44th Annual Meeting – Photographic Materials Session, May 17, "Salvaging Memories: The Recovery of Fire-Damaged Photographs and Lessons Learned in Conservation and Kindness," by Debra Hess Norris

They say a picture is worth a thousand words, but its  worth is immeasurable when all other possessions are lost. The efforts of  the Winterthur/University of Delaware Program in Art Conservation can  be described, therefore, as invaluable. For the past two academic years, Debra Hess Norris and the faculty, staff, and the graduate students of the WUDPAC program have undertaken recovery projects for photographs damaged by fires and floods. In addition to the rigorous course load of the Photographic Materials block at WUDPAC the classes of 2017 and 2018 have added examination, documentation, and treatment of between 240 and 260 photographs, or  about 25-35 photographs per student.  Their goal was to help people and families who have just survived heartrending disaster.
On Christmas Day in 2014, Ricky and Traci Harris lost their three sons and Ricky’s mother to a devastating house fire. Searching for any way to lessen their grief, friend and WUDPAC PhD candidate, Michael Emmons, sent this image to Ms. Norris via text message:
Emmons & Photos
One of the firefighters had taken the time to collect the fire-damaged photographs and lay them out in the Harris’ garage. Mr. Emmons coordinated with Ms. Norris to have the 260 photographs brought to the Winterthur conservation labs where the first-year graduate students began examining them for treatment. Each individual photograph had a unique variety of damage. By working closely with Mr. Emmons as the Harris family liaison, the students were able to approach treatment with approval and context from the family. The emotional nature of the project was the biggest, but not only, struggle for those involved. Condition concerns ranged from minor planar distortions to an irreversible white haze to the bleeding of inks and dyes. After minimizing the smell of smoke by storing the photographs with zeolite and blotters, students focused on surface cleaning and flattening. The stabilized photographs were then housed in polyester sleeves with zeolite-containing papers to increase the ease of future scanning.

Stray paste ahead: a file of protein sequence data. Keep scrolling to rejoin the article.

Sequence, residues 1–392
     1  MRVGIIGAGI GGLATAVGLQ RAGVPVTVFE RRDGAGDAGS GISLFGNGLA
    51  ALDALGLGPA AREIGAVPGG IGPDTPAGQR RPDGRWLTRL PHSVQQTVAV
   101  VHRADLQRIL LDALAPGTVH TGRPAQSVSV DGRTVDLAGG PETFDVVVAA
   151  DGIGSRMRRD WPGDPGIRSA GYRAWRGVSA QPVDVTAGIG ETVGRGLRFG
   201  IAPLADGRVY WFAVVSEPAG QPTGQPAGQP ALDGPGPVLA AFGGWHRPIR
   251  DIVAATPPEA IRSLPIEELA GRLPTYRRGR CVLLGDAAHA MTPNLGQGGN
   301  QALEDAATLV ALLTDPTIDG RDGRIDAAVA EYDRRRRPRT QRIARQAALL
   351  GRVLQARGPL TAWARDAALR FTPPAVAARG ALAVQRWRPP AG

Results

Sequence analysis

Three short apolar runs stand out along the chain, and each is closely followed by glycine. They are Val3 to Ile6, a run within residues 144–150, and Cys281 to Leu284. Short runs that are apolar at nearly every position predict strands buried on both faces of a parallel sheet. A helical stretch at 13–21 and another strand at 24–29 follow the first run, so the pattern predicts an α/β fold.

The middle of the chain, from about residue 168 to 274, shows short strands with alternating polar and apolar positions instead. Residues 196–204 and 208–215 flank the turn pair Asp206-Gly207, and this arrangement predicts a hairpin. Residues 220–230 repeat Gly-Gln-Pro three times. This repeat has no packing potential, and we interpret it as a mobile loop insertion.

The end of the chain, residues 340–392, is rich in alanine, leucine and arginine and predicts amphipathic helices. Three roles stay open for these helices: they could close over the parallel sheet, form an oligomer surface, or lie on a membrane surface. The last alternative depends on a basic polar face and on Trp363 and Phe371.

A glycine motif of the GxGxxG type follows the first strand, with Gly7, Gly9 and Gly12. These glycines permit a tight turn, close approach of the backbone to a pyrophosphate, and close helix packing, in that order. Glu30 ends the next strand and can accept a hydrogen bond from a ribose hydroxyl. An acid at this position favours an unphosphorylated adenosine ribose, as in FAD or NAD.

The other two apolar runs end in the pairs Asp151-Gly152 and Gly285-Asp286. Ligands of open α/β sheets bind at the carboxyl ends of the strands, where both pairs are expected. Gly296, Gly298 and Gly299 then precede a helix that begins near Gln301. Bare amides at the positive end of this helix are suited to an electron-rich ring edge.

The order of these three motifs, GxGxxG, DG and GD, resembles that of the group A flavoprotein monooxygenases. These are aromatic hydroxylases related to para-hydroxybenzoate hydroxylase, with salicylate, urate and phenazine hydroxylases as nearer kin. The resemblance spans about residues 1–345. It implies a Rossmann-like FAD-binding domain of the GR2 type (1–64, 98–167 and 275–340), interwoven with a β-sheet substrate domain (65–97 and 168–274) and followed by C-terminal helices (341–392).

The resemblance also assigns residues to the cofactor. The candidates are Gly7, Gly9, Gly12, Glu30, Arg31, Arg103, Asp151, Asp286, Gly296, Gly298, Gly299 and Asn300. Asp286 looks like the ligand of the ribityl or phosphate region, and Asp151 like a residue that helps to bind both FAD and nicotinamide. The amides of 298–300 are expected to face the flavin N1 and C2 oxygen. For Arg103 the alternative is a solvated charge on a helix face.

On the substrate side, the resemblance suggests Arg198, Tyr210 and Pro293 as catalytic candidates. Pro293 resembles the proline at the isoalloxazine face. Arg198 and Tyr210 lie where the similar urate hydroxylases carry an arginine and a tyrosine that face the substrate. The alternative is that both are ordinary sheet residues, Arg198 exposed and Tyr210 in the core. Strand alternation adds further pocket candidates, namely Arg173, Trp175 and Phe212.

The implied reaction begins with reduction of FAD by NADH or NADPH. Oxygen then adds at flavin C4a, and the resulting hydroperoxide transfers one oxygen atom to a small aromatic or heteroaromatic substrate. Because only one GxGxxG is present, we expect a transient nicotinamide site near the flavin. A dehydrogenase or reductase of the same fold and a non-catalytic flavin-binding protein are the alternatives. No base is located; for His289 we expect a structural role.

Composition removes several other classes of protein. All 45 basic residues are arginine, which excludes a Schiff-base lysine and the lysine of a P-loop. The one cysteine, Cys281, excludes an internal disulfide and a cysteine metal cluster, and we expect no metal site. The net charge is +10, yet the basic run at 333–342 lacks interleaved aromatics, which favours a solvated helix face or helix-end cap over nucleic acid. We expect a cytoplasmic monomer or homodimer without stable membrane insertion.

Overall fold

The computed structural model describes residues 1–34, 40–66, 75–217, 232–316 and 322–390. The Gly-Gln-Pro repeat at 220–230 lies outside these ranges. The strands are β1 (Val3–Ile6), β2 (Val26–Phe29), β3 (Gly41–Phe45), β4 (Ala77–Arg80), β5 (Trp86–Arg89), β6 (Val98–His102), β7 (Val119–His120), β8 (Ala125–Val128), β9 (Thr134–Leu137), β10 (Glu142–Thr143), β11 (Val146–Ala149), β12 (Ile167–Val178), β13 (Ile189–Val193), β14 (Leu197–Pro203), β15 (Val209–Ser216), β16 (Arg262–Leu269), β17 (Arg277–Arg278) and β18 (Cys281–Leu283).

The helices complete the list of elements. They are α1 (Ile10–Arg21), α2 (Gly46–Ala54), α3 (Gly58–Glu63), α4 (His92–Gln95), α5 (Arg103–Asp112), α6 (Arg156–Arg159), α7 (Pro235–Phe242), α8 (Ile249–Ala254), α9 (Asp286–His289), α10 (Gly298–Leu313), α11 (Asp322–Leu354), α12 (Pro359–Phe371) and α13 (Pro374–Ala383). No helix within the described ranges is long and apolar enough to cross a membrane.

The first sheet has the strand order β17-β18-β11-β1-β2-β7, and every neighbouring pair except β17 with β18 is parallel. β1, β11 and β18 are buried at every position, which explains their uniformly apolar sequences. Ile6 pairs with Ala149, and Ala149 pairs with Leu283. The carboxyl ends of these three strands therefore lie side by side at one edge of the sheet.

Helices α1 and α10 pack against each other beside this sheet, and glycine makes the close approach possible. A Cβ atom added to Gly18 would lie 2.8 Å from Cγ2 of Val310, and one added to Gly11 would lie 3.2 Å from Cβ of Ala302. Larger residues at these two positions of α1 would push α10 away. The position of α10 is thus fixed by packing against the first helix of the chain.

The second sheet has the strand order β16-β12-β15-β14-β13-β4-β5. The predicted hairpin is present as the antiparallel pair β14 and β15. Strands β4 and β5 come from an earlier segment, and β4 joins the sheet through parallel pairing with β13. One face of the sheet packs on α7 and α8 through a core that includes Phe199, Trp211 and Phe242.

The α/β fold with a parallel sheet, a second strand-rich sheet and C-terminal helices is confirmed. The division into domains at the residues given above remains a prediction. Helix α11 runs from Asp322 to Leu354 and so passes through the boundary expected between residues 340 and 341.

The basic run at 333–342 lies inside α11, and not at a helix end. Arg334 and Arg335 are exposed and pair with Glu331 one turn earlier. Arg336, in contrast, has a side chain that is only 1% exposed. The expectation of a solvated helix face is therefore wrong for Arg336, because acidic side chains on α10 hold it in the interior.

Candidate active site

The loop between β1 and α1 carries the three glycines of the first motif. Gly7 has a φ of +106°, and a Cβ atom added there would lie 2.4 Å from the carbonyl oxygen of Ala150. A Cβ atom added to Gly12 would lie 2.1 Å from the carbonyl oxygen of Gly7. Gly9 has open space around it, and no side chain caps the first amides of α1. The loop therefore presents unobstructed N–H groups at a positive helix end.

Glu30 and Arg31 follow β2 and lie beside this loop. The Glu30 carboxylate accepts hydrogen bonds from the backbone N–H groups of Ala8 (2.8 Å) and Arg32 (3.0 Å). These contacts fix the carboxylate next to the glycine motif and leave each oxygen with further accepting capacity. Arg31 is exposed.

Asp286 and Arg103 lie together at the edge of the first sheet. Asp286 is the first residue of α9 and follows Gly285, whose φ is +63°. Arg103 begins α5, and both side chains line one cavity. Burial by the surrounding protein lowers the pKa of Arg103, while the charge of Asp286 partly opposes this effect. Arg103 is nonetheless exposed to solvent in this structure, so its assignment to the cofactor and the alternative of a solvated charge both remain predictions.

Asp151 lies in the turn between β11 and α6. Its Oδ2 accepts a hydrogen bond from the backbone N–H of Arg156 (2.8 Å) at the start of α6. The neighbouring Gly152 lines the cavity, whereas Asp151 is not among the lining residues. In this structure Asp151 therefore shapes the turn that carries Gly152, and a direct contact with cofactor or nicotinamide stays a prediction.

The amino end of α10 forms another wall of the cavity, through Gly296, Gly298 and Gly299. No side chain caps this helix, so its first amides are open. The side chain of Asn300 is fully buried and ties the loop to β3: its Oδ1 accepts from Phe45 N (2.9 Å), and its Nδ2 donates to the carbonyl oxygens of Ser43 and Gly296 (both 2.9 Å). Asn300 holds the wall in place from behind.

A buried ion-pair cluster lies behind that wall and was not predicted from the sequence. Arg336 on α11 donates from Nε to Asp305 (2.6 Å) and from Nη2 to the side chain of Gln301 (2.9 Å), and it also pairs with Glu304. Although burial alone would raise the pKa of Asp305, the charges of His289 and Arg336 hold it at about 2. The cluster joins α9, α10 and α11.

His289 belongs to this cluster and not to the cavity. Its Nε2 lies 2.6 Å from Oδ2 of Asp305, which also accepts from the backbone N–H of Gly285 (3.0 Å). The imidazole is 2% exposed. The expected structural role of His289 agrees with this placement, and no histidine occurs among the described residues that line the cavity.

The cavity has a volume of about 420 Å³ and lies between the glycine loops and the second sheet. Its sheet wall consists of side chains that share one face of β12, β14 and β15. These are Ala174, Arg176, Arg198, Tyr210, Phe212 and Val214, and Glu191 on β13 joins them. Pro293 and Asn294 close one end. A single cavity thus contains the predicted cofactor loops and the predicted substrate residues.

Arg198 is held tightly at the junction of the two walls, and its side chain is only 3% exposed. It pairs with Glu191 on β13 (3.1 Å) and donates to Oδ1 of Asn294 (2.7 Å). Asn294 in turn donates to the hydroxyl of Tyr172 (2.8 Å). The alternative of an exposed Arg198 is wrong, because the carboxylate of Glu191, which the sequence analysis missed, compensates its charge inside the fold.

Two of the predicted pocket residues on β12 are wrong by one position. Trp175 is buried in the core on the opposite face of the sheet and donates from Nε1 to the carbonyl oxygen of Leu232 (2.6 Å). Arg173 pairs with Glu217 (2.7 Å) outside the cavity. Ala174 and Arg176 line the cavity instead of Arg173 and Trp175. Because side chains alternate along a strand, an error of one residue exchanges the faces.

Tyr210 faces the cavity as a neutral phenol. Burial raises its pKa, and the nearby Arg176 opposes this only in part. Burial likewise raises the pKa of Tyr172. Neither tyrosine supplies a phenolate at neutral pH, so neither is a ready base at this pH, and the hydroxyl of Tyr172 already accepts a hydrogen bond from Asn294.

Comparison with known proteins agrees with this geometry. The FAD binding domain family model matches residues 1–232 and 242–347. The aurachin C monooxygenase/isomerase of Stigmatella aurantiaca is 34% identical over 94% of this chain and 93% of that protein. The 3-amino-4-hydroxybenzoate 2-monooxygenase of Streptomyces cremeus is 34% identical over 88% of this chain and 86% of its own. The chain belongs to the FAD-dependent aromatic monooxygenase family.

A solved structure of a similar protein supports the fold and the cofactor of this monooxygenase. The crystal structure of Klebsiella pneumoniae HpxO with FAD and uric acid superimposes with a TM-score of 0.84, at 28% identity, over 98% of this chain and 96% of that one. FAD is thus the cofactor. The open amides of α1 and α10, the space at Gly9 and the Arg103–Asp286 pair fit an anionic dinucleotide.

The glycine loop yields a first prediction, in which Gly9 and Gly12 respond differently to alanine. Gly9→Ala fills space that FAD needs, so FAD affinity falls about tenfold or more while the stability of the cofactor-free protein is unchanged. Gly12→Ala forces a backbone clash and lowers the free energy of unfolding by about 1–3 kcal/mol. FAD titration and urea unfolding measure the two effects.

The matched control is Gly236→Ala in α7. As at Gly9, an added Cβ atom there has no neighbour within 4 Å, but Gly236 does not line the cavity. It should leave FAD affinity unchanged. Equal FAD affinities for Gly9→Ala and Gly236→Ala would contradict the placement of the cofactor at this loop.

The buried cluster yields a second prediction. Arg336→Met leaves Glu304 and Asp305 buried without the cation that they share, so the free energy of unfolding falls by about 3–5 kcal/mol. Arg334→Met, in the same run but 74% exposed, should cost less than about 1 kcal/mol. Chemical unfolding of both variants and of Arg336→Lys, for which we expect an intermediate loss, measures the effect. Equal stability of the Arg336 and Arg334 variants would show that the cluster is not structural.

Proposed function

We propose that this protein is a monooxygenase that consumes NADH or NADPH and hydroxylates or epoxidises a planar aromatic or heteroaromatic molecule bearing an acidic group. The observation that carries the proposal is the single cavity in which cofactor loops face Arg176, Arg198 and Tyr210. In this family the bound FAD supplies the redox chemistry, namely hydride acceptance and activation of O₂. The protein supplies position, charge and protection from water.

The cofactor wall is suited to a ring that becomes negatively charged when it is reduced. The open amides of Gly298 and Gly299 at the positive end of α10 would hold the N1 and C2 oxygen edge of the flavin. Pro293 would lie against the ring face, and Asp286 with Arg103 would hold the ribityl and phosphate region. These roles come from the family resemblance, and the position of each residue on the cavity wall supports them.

May 24th, 2015 a flash flood hit central Texas with waters reaching 33 feet high in a matter of hours. 30 lives were lost and over 1,000 homes were damaged. As with the Arno floods that formed the theme of AIC’s 2016 Annual Meeting, compassionate volunteers and first responders attempted to salvage photographs and other personal belongings. Local archivists were able to do much in the recovery of the photographs, but 240 of the most severely damaged were sent to Winterthur for their new graduate students. The types of photographs sent ranged from tintypes to digital prints, negatives to photo albums and all suffered severe damage ranging from flaking and delamination to inactive mold. Although there was a wider variation in materials than the fire-damaged photos from the previous year, the primary treatment concerns remained surface cleaning and flattening but also included consolidation, tear mending, and unblocking. Each student was also able to choose one photograph for loss compensation as both an educational exercise and an attempt to make the most severely damaged images more cohesive. In both projects, students progressed from dry to wet cleaning techniques as detailed below and routinely used microscopic examination to assess their progress and analyze different techniques.

dry cleaning technique wet cleaning technique

Left: Dry Surface Cleaning Techniques, Right: Wet Surface Cleaning Techniques

Different approaches were also needed for fiber-based supports vs. resin-coated supports, again detailed below:

approach for fiber based support approach for resin coated support

While the educational opportunities of these projects were immense, what I find truly remarkable is the way they inspired and reflected compassion and benevolence both inside and outside the field of conservation. The subject matter clearly resonates with many of us as there was not a dry eye by the end of Ms. Norris’ presentation and the Q&A section was filled with heartwarming remarks and suggestions for how to continue and spread these outreach efforts. Additionally, the public reactions to various press and social media resulted in an inundation of offers for volunteer work, especially for the Harris family. So I would like to end with Ms. Norris’ call to action, “As a profession we must seek ways to share our skills and knowledge broadly, to be a visible presence following unthinkable tragedy, and a known resource for families facing the potential loss of their treasured photographs.”